A new law in Seattle regulating food waste has already started seeing positive results since its inception at the beginning of the year. The law went into effect on January 1, and it prohibits residents from tossing excess amounts of food debris into their waste bins. Starting in July, households will start seeing extra costs added on to their trash bills if they are committing infractions when it comes to sorting their refuse properly. Until then, warning notices will be posted so customers will know when they are dumping too much food waste into their waste containers. So at least there’s a grace period of sorts.

The fines will be assessed to customers if local haulers find more than 10% of the waste they collect to be food waste. Businesses in the city, as well as property managers, could face a fine of $50 for their food waste that is not composted. It does seem as though the non-commercial customers are getting more relaxed punishments.

Since the new law went into effect, Cedar Grove, the company that processes this food waste has seen its customer base increase by a third. But not everything is totally copacetic yet. Those at Cedar Grove are concerned that with so many more people getting into recycling for the first time, there are bound to be slip-ups that could end up contaminating the rest of the organic waste at their facilities.

We’ll keep an eye on this situation and keep updating to see what direction this all heads when it comes to processing Seattle’s organic waste. As of right now, citizens and the employees at Cedar Grove seem optimistic on the outcome of this new law. The initial goal of this new piece of legislation is to have a recycling rate in the city of 60% by the end of the year. That’s an impressive figure, but there is precedent across the United States. A 2013 study by UCLA of the ten largest US cities by population found half of them to be recycling at least 49% of their waste.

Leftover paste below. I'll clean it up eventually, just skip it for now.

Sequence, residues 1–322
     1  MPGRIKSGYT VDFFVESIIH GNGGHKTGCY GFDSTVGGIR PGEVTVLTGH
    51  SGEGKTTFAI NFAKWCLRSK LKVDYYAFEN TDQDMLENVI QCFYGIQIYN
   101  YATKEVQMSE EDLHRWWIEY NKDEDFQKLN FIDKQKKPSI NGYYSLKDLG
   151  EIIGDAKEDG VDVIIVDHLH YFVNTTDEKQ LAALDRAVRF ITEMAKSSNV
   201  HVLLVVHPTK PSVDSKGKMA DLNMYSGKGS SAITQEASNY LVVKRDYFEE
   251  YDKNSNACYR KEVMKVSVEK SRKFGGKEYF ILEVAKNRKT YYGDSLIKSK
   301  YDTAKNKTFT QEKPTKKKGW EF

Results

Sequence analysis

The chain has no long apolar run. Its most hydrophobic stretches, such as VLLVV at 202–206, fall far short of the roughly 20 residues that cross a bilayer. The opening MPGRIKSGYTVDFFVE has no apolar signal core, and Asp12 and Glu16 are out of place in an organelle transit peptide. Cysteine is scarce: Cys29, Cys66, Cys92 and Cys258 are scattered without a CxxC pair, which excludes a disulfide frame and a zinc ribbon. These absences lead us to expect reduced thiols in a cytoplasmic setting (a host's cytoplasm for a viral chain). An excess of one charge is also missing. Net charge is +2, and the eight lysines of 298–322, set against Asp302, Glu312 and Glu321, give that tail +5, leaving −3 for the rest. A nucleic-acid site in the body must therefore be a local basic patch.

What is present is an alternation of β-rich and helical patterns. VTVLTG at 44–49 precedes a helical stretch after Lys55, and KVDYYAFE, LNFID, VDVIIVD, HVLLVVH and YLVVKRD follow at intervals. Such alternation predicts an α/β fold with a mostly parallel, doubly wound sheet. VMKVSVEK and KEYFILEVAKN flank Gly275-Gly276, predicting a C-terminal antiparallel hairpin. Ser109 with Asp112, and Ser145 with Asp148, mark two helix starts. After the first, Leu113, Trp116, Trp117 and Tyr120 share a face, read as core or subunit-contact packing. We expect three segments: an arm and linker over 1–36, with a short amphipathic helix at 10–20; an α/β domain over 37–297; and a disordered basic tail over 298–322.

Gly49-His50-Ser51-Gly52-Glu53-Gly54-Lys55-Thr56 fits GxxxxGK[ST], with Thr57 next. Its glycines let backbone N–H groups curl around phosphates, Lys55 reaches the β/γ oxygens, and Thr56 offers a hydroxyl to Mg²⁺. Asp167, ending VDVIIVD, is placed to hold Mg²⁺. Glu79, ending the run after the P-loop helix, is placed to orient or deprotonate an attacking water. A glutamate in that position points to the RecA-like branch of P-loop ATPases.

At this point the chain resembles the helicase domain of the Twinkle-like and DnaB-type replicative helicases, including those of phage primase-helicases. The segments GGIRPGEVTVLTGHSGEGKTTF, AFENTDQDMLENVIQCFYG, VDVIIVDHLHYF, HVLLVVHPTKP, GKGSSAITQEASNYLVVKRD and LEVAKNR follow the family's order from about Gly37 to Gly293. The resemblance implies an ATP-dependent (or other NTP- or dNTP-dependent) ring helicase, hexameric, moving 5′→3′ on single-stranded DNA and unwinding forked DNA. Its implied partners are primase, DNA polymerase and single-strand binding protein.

Responsible Recycling Across the Country

It’s clear that Seattle is getting serious about its waste and recycling, specifically when it comes to the organic kind It’s hard to tell right now whether fining customers for tossing too much instead of composting is going to do the trick. Slowly getting everyone into the program is a nice touch, giving out notices for the first seven months to get everyone acclimated to the new system.

As more areas across the US are getting on the composting train, it will be interesting to see what all of this means for recycling rates not just in cities and states, but for the country as a whole. Not only that, the cities that choose to penalize those not handling their waste property could receive some blow-back from the ones on the receiving end of those penalties. Hopefully more cities take Seattle’s approach and don’t try to stick people with bills right out of the gate.